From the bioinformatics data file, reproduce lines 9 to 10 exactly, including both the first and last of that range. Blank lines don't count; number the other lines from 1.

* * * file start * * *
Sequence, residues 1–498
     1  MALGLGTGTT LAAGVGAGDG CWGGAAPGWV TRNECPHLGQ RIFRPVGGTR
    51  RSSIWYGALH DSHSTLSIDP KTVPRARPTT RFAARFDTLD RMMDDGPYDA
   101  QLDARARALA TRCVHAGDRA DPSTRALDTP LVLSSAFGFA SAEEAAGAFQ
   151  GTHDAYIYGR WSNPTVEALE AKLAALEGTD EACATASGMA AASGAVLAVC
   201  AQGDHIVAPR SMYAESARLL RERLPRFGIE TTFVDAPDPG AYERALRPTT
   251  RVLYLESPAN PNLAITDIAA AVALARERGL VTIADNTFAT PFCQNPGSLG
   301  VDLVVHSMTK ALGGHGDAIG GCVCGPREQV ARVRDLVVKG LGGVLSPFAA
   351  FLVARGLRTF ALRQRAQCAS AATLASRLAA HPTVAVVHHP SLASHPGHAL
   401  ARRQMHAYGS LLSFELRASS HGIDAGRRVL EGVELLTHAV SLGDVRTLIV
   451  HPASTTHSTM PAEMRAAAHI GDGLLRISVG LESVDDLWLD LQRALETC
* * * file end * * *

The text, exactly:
   351  FLVARGLRTF ALRQRAQCAS AATLASRLAA HPTVAVVHHP SLASHPGHAL
   401  ARRQMHAYGS LLSFELRASS HGIDAGRRVL EGVELLTHAV SLGDVRTLIV